Cruz says GOP critics of his health bill should not be "deceived" by Democrats' attacks

Senator Ted Cruz, R-Texas, says that as Congress heads back to work following the July 4 recess, Republican critics of his proposed fix to the Senate's health care bill should not be "deceived" by attacks launched by Democratic members. 

In response to criticism of his proposed amendment launched by Senator Chuck Grassley, Cruz said "it's important for Republicans not to be deceived by the attacks that are coming out of Chuck Schumer and the Democrats."

"Schumer doesn't want us to pass this. Schumer wants this to fail. And so no Republican should be deceived when Schumer-- Schumer made the argument, he called it a hoax. Now, look, I'll note that Schumer and Obama, they know a lot about healthcare hoaxes. You know, Obamacare was sold to the American people on a whole series of lies," said Cruz. 

Cruz had previously announced his opposition to the Senate's first iteration of the plan, joining fellow Republicans including Rand Paul of Kentucky, Mike Lee of Utah and Ron Johnson of Wisconsin in issuing a joint statement on the bill's shortcomings.

"There are provisions in this draft that represent an improvement to our current health care system, but it does not appear this draft as written will accomplish the most important promise that we made to Americans: to repeal Obamacare and lower their health care costs," the statement said.

As a result, Cruz, in conjunction with Lee, drafted the Consumer Freedom Act in an effort to sway more Conservative members and provide a fix to the Senate bill's issues.

Lee said on "Face the Nation" last week that his and Cruz's plan would "reinject free market forces" into the current environment by guaranteeing patients at least one Obamacare compliant plan.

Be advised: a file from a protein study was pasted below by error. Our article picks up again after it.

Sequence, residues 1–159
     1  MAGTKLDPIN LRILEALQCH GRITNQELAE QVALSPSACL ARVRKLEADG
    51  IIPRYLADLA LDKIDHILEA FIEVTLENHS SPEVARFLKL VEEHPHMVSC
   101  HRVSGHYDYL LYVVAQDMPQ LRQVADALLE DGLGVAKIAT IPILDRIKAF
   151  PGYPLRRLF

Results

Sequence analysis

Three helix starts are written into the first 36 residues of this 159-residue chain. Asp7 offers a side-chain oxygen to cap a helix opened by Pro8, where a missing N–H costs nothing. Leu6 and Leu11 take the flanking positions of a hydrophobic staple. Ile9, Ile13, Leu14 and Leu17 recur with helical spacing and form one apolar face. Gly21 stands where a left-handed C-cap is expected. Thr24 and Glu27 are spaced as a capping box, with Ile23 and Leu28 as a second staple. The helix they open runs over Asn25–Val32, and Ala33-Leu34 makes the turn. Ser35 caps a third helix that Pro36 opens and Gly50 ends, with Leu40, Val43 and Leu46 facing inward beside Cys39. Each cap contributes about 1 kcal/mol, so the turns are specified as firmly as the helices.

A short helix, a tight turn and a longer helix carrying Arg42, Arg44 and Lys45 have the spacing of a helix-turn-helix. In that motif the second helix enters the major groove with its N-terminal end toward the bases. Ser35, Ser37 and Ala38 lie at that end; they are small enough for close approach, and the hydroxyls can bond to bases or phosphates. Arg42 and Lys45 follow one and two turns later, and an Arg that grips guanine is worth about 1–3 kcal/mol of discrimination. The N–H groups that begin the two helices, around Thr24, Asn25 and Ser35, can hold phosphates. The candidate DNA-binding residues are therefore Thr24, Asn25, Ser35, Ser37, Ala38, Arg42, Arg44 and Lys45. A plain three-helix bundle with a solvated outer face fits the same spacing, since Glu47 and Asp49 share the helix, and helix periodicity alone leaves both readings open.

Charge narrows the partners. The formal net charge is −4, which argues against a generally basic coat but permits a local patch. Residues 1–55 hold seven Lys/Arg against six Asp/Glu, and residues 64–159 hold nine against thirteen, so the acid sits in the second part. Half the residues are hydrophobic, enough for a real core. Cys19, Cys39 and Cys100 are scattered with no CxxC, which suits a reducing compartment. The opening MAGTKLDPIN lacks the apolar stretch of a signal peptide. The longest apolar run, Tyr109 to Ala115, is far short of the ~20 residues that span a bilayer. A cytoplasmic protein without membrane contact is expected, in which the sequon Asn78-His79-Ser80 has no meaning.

But Lee urged lawmakers to adopt a full repeal of the ACA and replace it at a later date if politics get in the way of passing their health care fix.

Cruz said, however, that failure of the plan is "not an option" for Republicans who ran on repealing and replacing the Affordable Care Act.

"There's no doubt this has been a rocky path to getting there. But I continue to believe we can get this done," Cruz said.

Cruz said their fix to the plan is "designed to be a compromise that can bring together both conservatives and moderates."

Cruz said that many senators have been working "in good faith," and collaboratively, for a long time, and that the focus should be on lowering premiums. 

"The biggest reason so many millions of people are unhappy with Obamacare is that it's made their premiums skyrocket," he said. "If we can fix that with commonsense solutions, give people more choices, more options, more freedoms, and lower premiums, that'll be a win."

"What Obamacare does is it takes millions of young people, millions of people just starting out their career, and it jacks up their premiums, it doubles or triples their premiums, and then it uses that money not for those people, but to cross subsidize those who are sick," noted Cruz.

He suggested to instead use taxpayer funds to cover the costs for patients with pre-existing conditions. 

"Let's use Warren Buffet's taxes and not that of a 28-year-old woman starting her career," Cruz said. He added, "The Senate bill has billions in taxpayer subsidies and stabilization funds so that the premiums for pre-existing conditions stay stabilized and low."

The existing Senate bill would fail if just three of the 52 Republicans vote no, since all Democrats oppose it. Majority Leader Mitch McConnell was forced to cancel a planned vote on the measure last week after far more Republicans than that objected, and he spent the Independence Day recess studying possible changes that might win over GOP dissidents.

Meanwhile, Senator John McCain of Arizona told "Face the Nation" that he fears the bill will fail.

"I've been wrong. I thought I'd be president of the United States," said McCain. "But I think - I think I fear that it's going to fail. And then we should convene a Republican conference, say, 'What are we going to do?' Introduce a bill. Say to the Democrats, 'Here's a bill.' It doesn't mean they don't, that they control it. It means they can have amendments considered. And even when they lose, then they're part of the process. That's what democracy is supposed to be all about."

  • Emily Tillett

    Emily Tillett is a politics reporter and video editor for CBS News Digital